Types of phishing scams

Because of the widespread use of digital technology, fraudsters can use phishing techniques to much success, even without much technical know-how. Here are the three most common types of phishing in practice today. 

Email phishing 

Email phishing is one of the most common types. With this tactic, fraudsters send out emails claiming to be a company, government authority, or even a family friend. These emails may link to a fake website that impersonates a real company. Then, they’ll ask you to enter your personal details, bank account login, or credit card data. Once the scammers get your personal details, they can use them to log in to your bank account and stage an account takeover, or use your credit card details to conduct card fraud. Alternatively, email phishers might pose as a friend or family member in need of help, asking for an immediate transfer of funds.


SMS phishing, known colloquially as “smishing,” is a type of phishing done via text message. This kind of phishing scam involves reaching out to smartphone users via text with alleged account alerts, prize notifications, or even postal scams. With the latter, customers may get an email or a text message that looks like it comes from Deutsche Post, for example, asking them to tap a link and insert payment details to get their package. Once the payment links have been entered, the scammer has access to their victim’s bank account or credit card and can wreak havoc on their financial life. An increasingly dangerous type of smishing is conducted via WhatsApp, particularly for so-called “grandparent scams.” Here, a fraudster may reach out to someone’s grandparent via WhatsApp, claiming to be their grandchild and requesting a bank transfer or PayPal payment.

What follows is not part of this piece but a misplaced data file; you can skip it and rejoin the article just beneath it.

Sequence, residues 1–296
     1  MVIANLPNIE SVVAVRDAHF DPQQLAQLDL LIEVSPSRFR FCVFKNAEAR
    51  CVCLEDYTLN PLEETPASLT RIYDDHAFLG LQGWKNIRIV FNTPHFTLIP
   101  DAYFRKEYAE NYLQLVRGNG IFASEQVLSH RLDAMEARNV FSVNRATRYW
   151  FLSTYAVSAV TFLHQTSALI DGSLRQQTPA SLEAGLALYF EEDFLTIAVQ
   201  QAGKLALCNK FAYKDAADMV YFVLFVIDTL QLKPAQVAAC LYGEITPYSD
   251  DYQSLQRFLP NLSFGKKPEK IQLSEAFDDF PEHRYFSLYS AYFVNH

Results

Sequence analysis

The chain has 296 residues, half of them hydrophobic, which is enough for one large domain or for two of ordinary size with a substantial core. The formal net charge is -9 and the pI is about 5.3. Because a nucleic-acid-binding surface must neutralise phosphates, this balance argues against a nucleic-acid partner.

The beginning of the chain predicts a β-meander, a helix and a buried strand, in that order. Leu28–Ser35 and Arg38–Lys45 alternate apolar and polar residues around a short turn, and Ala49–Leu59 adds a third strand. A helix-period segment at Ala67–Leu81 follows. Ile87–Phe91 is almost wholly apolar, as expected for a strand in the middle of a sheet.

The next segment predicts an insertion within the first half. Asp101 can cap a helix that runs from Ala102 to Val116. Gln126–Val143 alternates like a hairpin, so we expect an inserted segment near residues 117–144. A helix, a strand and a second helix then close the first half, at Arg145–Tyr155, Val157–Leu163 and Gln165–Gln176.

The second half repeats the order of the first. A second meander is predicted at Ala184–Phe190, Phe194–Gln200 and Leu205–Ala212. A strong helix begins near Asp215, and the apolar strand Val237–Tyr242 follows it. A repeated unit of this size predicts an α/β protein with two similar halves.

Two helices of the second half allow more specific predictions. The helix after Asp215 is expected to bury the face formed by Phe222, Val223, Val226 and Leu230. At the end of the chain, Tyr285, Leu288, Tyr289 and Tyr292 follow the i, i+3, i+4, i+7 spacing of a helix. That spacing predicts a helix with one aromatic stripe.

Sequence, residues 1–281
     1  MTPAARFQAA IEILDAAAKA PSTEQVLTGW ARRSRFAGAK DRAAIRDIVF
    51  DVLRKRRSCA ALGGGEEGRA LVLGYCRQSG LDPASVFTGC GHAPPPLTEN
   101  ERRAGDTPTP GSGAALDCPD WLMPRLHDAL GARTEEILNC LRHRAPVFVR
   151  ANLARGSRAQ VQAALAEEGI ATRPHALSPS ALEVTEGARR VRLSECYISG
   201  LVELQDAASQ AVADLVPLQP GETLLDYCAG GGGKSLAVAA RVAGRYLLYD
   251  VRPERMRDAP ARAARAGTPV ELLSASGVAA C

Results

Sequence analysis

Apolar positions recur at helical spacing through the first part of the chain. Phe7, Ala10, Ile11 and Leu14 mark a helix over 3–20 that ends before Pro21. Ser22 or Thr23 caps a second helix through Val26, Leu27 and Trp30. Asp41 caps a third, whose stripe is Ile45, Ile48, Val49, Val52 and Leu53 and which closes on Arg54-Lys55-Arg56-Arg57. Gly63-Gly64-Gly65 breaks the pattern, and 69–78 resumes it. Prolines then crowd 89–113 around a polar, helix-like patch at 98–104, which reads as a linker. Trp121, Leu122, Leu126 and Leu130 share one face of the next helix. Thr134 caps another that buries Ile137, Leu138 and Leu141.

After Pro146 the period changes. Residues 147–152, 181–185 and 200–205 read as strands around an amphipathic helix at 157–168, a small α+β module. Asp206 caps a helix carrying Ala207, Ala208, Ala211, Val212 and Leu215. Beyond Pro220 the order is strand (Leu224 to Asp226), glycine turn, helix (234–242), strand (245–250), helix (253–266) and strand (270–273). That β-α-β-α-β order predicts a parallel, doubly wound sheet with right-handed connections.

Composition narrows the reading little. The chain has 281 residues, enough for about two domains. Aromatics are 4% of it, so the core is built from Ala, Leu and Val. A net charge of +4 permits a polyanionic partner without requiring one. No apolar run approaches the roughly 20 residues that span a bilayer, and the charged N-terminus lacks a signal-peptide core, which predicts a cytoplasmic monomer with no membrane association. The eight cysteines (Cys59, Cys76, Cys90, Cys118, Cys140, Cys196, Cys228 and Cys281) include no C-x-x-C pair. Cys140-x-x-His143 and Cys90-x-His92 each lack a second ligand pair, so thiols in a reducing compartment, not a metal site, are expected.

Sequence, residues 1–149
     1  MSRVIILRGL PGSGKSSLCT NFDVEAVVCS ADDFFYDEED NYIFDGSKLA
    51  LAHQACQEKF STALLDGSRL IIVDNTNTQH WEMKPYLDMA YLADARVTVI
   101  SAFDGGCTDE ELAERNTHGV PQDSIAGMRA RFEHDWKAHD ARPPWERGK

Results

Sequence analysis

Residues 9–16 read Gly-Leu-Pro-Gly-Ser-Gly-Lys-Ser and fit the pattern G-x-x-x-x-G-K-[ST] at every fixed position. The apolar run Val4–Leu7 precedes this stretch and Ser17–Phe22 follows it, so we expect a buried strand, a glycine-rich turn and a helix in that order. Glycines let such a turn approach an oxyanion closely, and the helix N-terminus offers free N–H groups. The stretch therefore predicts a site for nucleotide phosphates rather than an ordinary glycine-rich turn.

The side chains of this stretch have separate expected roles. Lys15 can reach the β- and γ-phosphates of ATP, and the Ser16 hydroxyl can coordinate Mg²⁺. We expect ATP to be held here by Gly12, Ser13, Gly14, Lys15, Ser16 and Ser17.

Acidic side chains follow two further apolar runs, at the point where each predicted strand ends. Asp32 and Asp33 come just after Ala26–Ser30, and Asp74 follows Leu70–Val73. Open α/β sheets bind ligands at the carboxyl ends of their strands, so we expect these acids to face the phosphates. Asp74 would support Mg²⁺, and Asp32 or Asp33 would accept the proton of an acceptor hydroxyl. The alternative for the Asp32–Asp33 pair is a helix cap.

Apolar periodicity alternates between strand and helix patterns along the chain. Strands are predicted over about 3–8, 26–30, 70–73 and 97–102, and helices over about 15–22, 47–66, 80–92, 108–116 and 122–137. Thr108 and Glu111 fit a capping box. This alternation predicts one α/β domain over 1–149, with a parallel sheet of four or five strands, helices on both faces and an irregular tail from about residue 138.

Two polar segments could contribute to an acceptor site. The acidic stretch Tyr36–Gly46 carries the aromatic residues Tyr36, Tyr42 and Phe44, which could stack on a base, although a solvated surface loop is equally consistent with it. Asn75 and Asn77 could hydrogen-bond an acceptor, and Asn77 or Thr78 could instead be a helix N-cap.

This portmanteau word that mashes up “voice” and “phishing” is a type of scam conducted via phone call or voicemail. It’s used by fraudsters to gain access to victims’ money or other personal information. They might try to access a person’s bank account, steal credit card numbers, or even trick them into transferring money themselves.

11 more tips for protecting yourself from scams

Scammers are smart. That’s why it’s important to be vigilant about protecting yourself and your personal information. Here are 11 more tips on how to do that. 
  1. Keep your N26 app and computer updated with the latest updates and bug fixes.